When I first started going out with my girlfriend I told her about Schrodinger’s cat on one of our earliest dates. She was captivated by the idea. To me that was quite an apt analogy of our relationship at the time. We are friends from back in our undergraduate days. None of us had thought about developing that friendship any further.
So, exploring if we had a deeper connection was a way of finding out if the cat was indeed alive.
For those who don’t know, Schrodinger Cat is a thought experiment. Devised by the late physicist Erwin Schrodinger in 1935 to illustrate a paradox of quantum superposition. It follows, a cat in a sealed box with a poison filled flask. The cat dies when the poison is released.
That’s pretty straightforward. But a proposed interpretation implies that until one looks inside the box, the cat is neither decisively alive nor dead. It only bears possibilities.
In another view, determinateness proposes that all events can be determined completely by previously existing causes. In physics they call this cause and effect. In a deterministic world of casual chains that link time (past, present and future) together, events can be thought of as an inevitable domino like effect of everything that happens.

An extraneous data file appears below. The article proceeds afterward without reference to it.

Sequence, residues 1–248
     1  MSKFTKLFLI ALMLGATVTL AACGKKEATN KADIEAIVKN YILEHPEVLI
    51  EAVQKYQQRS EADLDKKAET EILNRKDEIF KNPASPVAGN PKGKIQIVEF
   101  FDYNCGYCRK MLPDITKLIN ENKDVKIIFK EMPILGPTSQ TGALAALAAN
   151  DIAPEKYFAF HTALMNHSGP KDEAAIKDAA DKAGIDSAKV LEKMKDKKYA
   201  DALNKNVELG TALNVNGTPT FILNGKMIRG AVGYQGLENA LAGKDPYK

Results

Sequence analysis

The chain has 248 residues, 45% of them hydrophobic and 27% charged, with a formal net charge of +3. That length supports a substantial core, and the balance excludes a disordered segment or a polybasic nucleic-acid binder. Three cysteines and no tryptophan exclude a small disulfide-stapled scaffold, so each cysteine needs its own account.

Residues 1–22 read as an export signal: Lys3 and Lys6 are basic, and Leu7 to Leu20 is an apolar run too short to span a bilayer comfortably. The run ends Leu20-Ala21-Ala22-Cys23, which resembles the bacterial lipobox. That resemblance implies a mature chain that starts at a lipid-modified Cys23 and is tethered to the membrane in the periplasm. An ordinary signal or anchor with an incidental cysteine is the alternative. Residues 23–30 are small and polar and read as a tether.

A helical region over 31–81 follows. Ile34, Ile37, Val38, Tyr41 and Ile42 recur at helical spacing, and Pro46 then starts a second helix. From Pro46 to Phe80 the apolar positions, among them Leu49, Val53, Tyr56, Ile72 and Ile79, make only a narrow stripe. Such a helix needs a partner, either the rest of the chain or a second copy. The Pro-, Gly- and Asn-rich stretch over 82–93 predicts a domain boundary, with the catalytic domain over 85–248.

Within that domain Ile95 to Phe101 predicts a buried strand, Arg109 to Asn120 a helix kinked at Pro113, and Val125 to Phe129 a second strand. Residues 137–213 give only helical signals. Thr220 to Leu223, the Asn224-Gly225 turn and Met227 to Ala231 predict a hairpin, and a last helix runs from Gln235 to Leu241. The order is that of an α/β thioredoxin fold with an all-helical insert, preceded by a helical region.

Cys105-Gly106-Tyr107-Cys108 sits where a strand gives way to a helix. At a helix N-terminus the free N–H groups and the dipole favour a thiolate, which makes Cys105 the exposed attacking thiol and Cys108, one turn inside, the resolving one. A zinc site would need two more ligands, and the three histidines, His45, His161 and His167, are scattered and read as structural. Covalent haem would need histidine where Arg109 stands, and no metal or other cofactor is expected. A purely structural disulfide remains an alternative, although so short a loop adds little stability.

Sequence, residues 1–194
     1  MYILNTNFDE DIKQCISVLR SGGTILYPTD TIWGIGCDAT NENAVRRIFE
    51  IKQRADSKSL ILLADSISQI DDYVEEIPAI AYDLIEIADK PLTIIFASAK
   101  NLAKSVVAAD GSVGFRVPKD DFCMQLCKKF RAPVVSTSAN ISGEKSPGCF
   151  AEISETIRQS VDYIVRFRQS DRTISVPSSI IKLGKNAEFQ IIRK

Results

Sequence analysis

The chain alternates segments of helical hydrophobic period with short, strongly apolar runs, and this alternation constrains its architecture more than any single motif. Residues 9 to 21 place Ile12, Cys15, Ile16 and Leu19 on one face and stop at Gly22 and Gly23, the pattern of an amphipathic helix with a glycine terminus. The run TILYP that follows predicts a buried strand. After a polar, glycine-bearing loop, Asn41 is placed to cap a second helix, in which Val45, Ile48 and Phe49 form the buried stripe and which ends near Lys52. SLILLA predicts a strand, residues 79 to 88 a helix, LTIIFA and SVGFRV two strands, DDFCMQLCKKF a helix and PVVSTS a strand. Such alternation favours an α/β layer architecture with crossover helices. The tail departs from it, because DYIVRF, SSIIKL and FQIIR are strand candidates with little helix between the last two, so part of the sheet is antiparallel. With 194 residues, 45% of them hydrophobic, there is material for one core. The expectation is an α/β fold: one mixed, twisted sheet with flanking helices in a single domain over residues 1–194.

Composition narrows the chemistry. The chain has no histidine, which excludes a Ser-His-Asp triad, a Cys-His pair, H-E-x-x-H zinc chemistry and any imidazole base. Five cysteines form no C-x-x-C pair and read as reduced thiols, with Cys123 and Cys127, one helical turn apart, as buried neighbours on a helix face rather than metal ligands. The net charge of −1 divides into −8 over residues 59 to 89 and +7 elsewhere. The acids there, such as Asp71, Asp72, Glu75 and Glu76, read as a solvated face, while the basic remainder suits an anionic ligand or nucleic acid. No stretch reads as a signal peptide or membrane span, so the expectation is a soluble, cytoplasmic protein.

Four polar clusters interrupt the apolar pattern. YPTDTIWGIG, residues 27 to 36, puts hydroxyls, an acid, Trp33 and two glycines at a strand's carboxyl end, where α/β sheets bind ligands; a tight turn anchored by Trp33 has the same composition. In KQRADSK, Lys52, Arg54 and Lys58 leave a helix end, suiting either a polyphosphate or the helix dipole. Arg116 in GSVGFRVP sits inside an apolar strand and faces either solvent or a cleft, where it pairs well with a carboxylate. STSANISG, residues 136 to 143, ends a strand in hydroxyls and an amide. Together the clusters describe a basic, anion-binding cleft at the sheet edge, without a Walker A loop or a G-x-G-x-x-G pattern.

If that’s true then complete knowledge allows perfect prediction of the future and an impeccable retrace of the past. Pierre-Simon Laplace articulated this thought with almost canonical assumptions and premises of classical mechanics.
The aforementioned views are incompatible. But that’s not to say there’s isn’t any commonality.
In principle, Newtonian mechanics is deterministic. And in practice, dynamic forces of the world amplify interactions by introducing uncertainties in the mix. Quantum mechanics evolved embracing the idea of less than perfect confidence in prediction. That’s saying, we are not able to measure outcomes with perfect prediction. What we can do is calculate the probability of each outcome.
To that, Albert Einstein unsatisfactorily remarked about god not playing dice with the universe.
There are multiple schools of thought on how to approach these matters. And most certainly, the highly revered ones lean on the idea that probability is fundamental.
So, what is probability?